A General Guide to Washer and Dryer Settings

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Laundry can be a real chore sometimes… Especially when you don’t fully understand how to optimize your laundry settings to protect your favorite clothing and linens. With so many various settings to choose from, it’s easy to get confused or overwhelmed. That’s why we’ve put together the ultimate guide to your washer and dryer – explaining the most common settings and their best uses. 

Wash Cycles

Most washing machines have at least 3-4 cycles to choose from. Many wash cycles will have timers to indicate how long it will take (in minutes). For heavily soiled items, a longer wash is recommended.

  • Pre-wash
    To fight stains, the pre-wash setting allows you to add a soak to the start of your cycle. Be sure to add laundry soap to both the detergent and pre-wash trays!
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  • Regular / Normal / Cotton
    The regular setting is probably your go-to. With fast agitation and spin cycles, this setting works great to remove stains and dirt from durable fabrics. Use this setting for sheets, towels, whites, underwear, socks, and heavily soiled items.
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  • Permanent Press / Colors
    The permanent press setting is designed for everyday clothes that easily wrinkle. With fast agitation and slow spin cycles, we recommend this setting for jeans and non-cotton items, such as polyester.
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  • Delicate
    The delicate setting is perfect for gently cleaning items like silk, athletic apparel, or anything denoting gentle wash on the tag. This is because it uses slow agitation and a slow rinse cycle to clean thoroughly without damaging delicate fabrics.
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  • Rapid / Speed / Quick Wash
    The rapid wash setting to is a shortened cycle with a high-speed spin optimize drying time. Since less time is spent washing, we do not recommend this setting for heavily soiled items. You’ll also want to avoid rapid wash for delicate items, as they could be damaged in the spin cycle.
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  • Bulky
    The bulky setting is specifically made to handle heavy items, such as blankets, comforters, rugs, or pillows. It starts with a soak period to allow the soap and water to permeate. Then, a medium wash and spin action helps to keep your machine balanced.
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  • Extra Rinse
    For people with allergies or sensitive skin, adding an extra rinse to your wash is a great way to ensure that all of the product has been washed out of your clothing.
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  • Rinse and Spin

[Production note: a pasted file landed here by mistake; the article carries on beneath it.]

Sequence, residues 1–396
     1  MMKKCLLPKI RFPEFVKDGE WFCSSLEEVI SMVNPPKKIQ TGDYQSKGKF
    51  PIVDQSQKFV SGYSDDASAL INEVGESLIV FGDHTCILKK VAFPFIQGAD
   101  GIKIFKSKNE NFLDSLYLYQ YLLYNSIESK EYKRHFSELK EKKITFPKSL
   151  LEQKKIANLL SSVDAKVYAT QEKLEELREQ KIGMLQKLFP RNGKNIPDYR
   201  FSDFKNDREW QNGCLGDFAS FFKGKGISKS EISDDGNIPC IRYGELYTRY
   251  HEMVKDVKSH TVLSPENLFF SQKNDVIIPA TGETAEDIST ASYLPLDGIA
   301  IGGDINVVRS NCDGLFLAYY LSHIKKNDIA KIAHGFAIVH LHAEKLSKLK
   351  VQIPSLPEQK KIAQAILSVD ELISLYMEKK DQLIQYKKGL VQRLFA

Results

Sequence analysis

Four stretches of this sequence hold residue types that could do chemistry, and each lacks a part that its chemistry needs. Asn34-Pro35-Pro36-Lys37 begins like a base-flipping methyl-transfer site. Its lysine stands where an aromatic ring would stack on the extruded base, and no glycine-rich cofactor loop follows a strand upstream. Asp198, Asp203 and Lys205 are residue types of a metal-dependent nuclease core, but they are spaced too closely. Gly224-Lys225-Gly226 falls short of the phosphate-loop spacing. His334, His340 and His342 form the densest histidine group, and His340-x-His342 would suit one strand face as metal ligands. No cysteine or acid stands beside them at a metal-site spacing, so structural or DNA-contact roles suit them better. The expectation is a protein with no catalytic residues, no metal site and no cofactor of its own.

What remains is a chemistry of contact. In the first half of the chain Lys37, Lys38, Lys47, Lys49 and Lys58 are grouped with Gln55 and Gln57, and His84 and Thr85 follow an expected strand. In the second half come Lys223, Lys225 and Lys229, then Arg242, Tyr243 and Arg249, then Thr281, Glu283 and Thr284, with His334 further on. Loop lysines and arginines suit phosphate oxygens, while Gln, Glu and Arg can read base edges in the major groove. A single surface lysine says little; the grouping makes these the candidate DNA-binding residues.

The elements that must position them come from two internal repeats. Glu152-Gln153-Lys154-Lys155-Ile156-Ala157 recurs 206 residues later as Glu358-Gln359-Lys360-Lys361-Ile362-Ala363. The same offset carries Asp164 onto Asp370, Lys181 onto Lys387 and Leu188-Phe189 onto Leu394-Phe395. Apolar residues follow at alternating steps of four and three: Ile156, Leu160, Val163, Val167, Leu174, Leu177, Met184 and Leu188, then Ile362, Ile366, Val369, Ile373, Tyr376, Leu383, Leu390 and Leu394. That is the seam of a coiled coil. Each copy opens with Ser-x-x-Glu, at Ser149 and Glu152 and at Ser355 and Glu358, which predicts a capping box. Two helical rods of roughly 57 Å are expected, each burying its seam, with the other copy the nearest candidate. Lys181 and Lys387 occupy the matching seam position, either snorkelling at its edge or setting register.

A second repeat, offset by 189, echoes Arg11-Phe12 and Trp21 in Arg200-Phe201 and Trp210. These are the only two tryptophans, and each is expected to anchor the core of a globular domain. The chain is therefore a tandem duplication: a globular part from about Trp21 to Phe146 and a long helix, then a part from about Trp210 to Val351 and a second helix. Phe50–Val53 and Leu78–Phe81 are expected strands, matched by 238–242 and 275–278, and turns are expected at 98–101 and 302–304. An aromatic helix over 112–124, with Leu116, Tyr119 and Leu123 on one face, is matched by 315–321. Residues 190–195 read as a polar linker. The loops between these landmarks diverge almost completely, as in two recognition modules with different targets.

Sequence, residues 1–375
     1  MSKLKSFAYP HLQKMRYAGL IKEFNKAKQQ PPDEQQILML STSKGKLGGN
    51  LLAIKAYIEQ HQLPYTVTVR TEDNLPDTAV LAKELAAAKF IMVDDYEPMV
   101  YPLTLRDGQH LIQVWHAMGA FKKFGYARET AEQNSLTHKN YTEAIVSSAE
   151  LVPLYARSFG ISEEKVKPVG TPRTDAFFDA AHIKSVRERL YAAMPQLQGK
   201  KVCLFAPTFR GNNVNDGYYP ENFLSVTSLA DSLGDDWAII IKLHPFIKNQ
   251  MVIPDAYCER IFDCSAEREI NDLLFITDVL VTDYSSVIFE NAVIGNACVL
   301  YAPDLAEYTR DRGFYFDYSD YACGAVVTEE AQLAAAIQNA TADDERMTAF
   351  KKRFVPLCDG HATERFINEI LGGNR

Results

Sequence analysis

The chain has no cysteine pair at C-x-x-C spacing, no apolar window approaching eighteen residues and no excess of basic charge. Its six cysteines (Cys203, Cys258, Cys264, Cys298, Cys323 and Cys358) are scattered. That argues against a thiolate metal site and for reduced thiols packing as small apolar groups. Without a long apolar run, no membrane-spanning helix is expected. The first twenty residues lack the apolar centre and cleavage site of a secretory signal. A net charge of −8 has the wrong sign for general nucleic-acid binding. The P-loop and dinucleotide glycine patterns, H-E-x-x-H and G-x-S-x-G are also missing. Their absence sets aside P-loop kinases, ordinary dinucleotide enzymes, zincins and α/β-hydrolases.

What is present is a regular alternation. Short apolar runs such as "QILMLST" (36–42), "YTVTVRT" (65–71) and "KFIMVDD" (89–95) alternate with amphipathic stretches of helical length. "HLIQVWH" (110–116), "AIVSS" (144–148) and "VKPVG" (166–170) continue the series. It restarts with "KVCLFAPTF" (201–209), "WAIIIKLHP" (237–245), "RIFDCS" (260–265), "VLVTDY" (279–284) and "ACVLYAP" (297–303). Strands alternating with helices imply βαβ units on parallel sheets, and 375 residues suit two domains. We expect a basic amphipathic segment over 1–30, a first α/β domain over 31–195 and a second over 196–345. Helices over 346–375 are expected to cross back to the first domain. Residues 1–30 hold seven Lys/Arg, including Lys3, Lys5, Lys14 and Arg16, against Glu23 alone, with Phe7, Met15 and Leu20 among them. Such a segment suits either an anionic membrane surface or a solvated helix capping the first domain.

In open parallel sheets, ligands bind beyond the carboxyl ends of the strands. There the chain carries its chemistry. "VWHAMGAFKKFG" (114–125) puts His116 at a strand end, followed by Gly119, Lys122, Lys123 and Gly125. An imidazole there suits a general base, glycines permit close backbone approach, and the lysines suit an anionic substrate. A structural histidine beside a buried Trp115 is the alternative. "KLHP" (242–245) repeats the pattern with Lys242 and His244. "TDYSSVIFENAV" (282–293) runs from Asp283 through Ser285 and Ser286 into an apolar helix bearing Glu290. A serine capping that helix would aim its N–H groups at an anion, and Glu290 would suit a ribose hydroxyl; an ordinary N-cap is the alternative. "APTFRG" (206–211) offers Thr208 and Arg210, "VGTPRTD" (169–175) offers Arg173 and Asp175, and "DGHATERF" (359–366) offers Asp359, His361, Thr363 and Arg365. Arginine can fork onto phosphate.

The rinse and spin setting is meant for loads that don’t require laundry soap. It works by quickly rinsing and removing moisture from items like bathing suits.
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  • Delay Start
    If you have a delay start option (lucky!), you can time when your laundry will be finished washing. This is ideal for people with busy schedules, so you can ensure you’ll be home to move the load into the dryer.
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  • Steam
    If your machine has a steam option, keep in mind that this does not wash your clothes. It’s meant to quickly remove wrinkles in already-clean items.

 

Temperature

  • Cold
    Cold water is the most gentle on your clothing and saves the most energy. It’s best to use cold water for lightly soiled items, or anything that might bleed dye or shrink.
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  • Warm
    Warm water works best for colored fabrics and items that may be heavily stained or soiled, such as sheets and towels.
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  • Hot
    Hot water should be used to sanitize items like baby clothes, cloth diapers, athletic apparel, and linens. This setting also works well for white cotton fabrics, which tend to be pre-shrunk. 
     
    *Keep in mind, most machines heat water on demand rather than pull from your hot water source, using much more energy.

Load Size

  • Small
    1/4 full
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  • Medium
    1/2 full
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  • Large
    More than 1/2 full
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  • X-Large
    Full capacity (if available)

 

Dryer Cycles

  • Regular / Heavy
    The Regular dry cycle uses high heat to dry loads quickly, but can shrink or otherwise be harsh on items. For that reason, it’s best to use this setting for whites (which are typically pre-shrunk and better at withstanding heat than colored fabrics).
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  • Permanent Press
    Permanent Press uses medium heat to protect from color-fading. While you shouldn’t use this setting for delicates, it can be a quick alternative to ironing for items like non-wrinkle pants and iron-free shirts.
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  • Delicates
    The Delicate cycle uses low heat for a longer time to be gentle on your most fragile fabrics.
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  • Air Fluff
    The Air Fluff cycle uses no additional heat. Instead, it recirculates room temperature air. This is best used for already dry clothes to soften or fluff fabrics.

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